Education bill: One vote down, one left, one veto remaining
By Don Davis Forum News Service ST. PAUL -- The Minnesota House passed an education funding bill along party lines early today, with the Senate planning to take it up before noon, potentially setting up a faceoff between legislative leaders and Gov.
By Don Davis
Forum News Service
ST. PAUL -- The Minnesota House passed an education funding bill along party lines early today, with the Senate planning to take it up before noon, potentially setting up a faceoff between legislative leaders and Gov. Mark Dayton.
The question in the halls of the Capitol is whether legislative leaders and Dayton can fashion a compromise education bill before tonight's constitutionally mandated adjournment date. If that fails and Dayton follows through with his veto threat, negotiations would have to restart and the Democratic governor at some point most likely would call a special legislative session to settle the education issue.
On Sunday, Dayton said in his strongest language yet that he would veto the education bill because it does not fund his top priority: pre-kindergarten education. It falls $171 million short.
Otherwise, the Legislature was well on its way to passing a $41 billion, two-year budget. Much of the spending was negotiated by Dayton, House Speaker Kurt Daudt, R-Crown, and Senate Majority Leader Tom Bakk, D-Cook.
However, after the three failed to reach a deal on education funding, Daudt and Bakk met privately for two hours Friday afternoon and came up with their own plan.
While Dayton on Sunday expressed displeasure with provisions in the other seven spending bills, he only issued a veto threat on education.
The House education vote just before 5:30 a.m. was along party lines, with all Republicans in favor and all Democrats opposed.
The bill would spend $17 billion in the two years beginning July 1.
"Legislative leaders crafted a student-focused, bipartisan education bill that works to provide Minnesota students with a world-class education," House Education Finance Chairwoman Jenifer Loon, R-Eden Prairie, said. "From increasing E (early childhood)-12 funding by a substantial $400 million to prioritizing our youngest learners with millions more for pre-k scholarships and school readiness aid, this legislation increases academic opportunities for all students and will help close the achievement gap."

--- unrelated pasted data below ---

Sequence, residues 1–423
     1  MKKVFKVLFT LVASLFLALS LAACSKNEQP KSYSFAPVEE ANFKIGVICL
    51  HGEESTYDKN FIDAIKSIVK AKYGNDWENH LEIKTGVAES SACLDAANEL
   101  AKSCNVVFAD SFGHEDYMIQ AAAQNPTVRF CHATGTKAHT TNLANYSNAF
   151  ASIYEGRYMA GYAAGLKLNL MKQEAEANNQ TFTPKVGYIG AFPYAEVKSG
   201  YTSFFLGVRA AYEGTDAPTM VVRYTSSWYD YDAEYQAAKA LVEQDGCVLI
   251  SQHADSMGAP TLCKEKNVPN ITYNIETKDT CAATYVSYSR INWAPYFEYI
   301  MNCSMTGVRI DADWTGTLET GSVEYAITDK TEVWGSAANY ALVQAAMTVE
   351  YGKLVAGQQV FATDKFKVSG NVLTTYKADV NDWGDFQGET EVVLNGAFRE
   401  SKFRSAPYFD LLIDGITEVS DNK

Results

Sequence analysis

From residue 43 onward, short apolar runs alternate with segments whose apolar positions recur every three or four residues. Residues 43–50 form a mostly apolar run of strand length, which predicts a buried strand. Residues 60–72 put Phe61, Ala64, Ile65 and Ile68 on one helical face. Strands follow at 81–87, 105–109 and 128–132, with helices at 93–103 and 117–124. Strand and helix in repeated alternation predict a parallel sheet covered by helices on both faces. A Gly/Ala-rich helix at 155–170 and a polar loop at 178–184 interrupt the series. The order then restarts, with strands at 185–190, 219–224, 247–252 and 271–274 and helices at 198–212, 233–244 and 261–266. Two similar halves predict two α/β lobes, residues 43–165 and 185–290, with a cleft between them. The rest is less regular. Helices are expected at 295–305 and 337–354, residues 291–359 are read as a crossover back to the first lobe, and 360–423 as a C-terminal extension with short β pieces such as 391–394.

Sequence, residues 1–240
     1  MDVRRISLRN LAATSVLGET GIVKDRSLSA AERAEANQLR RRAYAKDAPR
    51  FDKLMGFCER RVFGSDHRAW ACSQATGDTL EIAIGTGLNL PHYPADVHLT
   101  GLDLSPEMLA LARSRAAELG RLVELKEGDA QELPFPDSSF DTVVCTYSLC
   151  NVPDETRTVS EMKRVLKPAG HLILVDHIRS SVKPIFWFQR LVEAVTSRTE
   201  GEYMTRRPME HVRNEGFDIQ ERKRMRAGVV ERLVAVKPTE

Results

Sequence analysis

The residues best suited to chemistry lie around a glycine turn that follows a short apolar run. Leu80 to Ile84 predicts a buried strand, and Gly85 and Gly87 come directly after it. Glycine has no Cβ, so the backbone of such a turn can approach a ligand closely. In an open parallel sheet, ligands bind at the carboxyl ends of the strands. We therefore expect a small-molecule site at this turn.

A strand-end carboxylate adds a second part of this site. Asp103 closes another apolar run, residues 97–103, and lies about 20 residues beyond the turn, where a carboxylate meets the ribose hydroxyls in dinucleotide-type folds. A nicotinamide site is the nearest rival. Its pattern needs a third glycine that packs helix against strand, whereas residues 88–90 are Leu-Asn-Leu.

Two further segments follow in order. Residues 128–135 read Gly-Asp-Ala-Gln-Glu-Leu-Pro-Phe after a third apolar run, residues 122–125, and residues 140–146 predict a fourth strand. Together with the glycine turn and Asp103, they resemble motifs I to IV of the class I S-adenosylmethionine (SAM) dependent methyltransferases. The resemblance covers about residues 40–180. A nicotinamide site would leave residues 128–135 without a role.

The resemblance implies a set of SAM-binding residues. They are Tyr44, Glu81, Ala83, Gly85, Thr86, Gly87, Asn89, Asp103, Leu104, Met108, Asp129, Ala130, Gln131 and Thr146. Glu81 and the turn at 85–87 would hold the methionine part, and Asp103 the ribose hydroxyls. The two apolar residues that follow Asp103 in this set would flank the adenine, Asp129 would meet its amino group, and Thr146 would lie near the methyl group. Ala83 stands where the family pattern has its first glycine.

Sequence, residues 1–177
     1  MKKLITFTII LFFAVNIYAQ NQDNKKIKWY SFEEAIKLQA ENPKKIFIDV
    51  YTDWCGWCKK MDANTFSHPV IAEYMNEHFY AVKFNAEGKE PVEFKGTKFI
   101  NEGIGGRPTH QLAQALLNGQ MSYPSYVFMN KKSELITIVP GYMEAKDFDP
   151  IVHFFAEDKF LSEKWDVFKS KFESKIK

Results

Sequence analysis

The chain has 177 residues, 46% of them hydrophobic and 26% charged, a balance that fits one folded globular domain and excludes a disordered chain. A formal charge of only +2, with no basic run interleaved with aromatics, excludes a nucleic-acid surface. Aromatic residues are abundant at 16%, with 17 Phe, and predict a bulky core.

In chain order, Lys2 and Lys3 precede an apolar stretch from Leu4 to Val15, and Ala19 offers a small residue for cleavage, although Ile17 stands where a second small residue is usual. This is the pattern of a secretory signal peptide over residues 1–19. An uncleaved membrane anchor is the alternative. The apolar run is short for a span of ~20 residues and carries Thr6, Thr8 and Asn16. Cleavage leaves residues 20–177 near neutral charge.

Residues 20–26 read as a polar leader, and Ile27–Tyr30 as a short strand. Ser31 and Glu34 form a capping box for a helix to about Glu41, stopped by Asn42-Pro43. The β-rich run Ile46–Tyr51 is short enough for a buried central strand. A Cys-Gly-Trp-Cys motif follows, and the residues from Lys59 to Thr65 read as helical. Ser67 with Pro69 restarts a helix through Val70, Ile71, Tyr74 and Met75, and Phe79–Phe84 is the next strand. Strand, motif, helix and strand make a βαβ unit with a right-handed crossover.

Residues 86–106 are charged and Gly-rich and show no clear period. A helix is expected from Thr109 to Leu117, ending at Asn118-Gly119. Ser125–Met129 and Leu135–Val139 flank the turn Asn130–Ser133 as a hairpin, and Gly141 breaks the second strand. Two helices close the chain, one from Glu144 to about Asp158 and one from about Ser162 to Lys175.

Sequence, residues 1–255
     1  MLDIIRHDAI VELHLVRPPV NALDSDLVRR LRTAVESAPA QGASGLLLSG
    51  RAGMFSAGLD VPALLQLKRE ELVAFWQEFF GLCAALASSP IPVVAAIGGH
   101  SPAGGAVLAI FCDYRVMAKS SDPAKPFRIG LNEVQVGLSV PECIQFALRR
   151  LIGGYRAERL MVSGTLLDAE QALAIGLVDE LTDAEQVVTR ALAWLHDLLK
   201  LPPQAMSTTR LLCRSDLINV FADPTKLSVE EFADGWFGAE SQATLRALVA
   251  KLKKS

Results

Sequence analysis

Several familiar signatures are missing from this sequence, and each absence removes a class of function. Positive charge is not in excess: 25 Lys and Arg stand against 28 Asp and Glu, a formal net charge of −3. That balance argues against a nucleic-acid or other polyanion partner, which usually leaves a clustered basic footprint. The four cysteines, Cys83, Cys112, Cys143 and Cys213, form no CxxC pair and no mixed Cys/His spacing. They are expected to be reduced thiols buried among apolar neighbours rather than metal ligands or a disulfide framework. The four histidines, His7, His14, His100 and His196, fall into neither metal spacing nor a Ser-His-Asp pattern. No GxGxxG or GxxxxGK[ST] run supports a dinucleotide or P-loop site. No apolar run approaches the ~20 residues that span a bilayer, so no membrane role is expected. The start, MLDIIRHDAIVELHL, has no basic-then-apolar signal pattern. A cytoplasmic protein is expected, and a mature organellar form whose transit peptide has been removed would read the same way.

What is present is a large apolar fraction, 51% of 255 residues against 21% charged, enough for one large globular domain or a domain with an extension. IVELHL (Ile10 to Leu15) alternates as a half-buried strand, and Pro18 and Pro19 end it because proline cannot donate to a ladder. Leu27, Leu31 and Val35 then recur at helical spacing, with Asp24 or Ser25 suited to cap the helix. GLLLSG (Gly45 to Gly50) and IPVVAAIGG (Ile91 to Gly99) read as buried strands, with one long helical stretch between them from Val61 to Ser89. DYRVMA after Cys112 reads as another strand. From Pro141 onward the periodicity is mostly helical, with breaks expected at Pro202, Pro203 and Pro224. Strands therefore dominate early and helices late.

Democrats saw the bill differently.
“Just like this entire session, the Republican education bill is a huge waste of an opportunity for Minnesota’s future,” House Minority Leader Paul Thissen, D-Minneapolis, said. “With a $2 billion surplus, we should seize this opportunity to invest in our youngest learners and make serious progress to reduce our state’s achievement gap.”
Much of the new money goes to increasing per-pupil aid to all public schools. It also would spend $60 million for early-childhood education and adds money to help greater Minnesota schools improve and repair facilities.
House and Senate members overnight also passed a $12 billion measure funding health programs. It retained the existing MNsure health insurance exchange structure, which both parties wanted to change. It also maintained the MinnesotaCare state-subsidized insurance program for the poor, which Republicans wanted to eliminate.